There are 21 Republicans and 11 Democrats contesting the primaries. Six candidates from the Republican field — Greitens, Hartzler, Long, Schatz, Schmitt and St. Louis attorney Mark McCloskey — have filed disclosures, as have three from the Democratic field – Toder, Air Force veteran Jewel Kelly and Marine veteran Lucas Kunce.
In an interview with The Independent, Busch Valentine said she wants “everybody to live the American dream. And I’m investing in my campaign because it’s that important to me.”

“I am a shareholder in several illiquid assets, largely as an angel investor in Missouri-based startups that are not easily valued,” Toder wrote in an email. “The filing listed the approximate value of those entities, as a whole in some places, rather than the estimated value of my shares in those companies.” Missouri Independent is part of States Newsroom, a network of news bureaus supported by grants and a coalition of donors as a 501c(3) public charity. Missouri Independent maintains editorial independence. Contact Editor Jason Hancock for questions: [email protected]. Follow Missouri Independent on Facebook and Twitter. “The people of Missouri deserve to know a lot about Ms. Valentine — not only in regards to her finances, but in regards to her policies and her qualifications to represent our state,” he wrote.“Those things are pretty hard to put together and once you do it two or three times, you kind of get a system going,” Long said. “It is pretty daunting. One time my accountant spent a half a day looking for a $4 stock.”There are several millionaires seeking Missouri’s open U.S. Senate seat, financial disclosure reports show. But voters won’t see the finances of the only likely billionaire in the race until July.The disclosure report did not include two Paycheck Protection Loans received by Hartzler’s business interests in 2020. Heartland Tractor in Harrisonville received a $451,200 loan and Hartzler Farms received a $26,900 loan, both on April 5, 2020. The loans were both forgiven on Dec. 23, 2020.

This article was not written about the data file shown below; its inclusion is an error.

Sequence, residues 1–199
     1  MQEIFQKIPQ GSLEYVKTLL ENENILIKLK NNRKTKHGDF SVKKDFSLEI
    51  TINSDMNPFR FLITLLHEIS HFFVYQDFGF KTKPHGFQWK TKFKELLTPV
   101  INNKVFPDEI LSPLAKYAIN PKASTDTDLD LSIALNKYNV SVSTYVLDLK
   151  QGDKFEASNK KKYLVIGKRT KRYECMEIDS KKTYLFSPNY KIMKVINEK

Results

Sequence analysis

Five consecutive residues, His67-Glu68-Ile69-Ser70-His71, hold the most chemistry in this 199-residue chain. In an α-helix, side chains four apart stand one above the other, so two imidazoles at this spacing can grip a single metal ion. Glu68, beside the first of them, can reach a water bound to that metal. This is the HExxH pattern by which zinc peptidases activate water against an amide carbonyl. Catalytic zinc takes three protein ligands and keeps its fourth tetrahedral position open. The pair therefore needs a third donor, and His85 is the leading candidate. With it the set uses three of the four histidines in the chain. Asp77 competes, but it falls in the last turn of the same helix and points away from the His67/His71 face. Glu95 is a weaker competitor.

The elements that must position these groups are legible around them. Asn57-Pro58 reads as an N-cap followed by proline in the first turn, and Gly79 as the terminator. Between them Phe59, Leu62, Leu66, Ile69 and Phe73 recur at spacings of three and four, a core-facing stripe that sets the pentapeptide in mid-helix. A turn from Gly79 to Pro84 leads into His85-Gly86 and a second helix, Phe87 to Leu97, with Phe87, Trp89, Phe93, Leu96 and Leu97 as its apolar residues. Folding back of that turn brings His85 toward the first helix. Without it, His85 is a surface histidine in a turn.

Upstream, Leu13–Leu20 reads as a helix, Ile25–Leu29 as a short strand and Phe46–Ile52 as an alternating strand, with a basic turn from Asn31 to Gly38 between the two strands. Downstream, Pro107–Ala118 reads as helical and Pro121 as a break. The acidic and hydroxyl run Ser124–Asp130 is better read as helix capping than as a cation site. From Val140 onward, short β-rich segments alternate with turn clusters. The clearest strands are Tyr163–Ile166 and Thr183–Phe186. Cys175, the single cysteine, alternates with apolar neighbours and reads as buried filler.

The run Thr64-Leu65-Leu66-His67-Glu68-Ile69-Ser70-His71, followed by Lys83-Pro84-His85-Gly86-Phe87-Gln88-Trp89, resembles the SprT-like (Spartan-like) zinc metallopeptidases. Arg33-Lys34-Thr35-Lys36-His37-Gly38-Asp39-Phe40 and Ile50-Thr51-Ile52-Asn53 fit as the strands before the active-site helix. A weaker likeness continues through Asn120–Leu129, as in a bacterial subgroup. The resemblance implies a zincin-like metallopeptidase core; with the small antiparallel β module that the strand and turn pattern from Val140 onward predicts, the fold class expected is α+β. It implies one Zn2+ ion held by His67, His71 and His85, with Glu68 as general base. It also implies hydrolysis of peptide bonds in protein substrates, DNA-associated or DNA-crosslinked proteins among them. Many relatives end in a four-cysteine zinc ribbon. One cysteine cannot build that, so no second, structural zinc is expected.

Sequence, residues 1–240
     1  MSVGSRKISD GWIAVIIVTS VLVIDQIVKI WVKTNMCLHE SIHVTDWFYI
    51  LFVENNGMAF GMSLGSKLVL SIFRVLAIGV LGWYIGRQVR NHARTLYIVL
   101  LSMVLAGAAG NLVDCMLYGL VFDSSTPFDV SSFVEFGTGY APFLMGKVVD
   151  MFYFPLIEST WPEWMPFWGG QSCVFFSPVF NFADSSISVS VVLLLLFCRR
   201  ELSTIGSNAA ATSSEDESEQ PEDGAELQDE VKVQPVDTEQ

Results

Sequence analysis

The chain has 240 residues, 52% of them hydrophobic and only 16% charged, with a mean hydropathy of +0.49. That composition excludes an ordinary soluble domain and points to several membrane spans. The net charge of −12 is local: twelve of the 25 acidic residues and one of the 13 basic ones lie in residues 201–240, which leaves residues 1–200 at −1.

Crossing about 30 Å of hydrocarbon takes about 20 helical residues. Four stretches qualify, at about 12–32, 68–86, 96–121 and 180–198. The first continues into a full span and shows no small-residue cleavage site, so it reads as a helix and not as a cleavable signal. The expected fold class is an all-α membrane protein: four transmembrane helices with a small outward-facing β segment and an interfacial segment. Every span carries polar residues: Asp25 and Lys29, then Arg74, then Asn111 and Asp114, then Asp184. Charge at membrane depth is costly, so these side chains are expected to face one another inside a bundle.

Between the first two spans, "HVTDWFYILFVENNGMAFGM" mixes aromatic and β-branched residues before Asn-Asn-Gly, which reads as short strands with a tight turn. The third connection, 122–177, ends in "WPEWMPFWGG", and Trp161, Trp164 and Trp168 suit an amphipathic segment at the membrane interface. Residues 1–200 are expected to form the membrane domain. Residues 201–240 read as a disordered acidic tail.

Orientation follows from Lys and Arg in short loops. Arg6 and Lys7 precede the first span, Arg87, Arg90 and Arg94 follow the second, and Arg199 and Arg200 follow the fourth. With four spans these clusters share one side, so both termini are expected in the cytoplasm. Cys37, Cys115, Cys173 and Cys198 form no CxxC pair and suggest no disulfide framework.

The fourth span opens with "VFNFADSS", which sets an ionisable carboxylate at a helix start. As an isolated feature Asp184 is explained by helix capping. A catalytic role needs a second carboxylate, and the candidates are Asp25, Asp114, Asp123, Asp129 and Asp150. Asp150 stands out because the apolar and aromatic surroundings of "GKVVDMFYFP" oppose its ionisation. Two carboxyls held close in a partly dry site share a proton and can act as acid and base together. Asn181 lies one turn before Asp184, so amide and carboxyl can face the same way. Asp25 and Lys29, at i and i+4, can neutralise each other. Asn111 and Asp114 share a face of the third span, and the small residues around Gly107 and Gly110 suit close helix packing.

But Valentine will be the last candidate to file at least one disclosure report, delaying until July 3 when voters will get a glimpse into her potential to self fund her campaign. An extension can be for up to 90 days, but it is due on that date because it must be submitted at least 30 days before the Aug. 2 primary.
Hartzler owns farms, a farm equipment business and other investments valued from $4.7 million to $16.1 million jointly with her husband Lowell Hartzler. In 2020, those assets generated between $1.1 million and $5.2 million, according to a report filed in August 2021.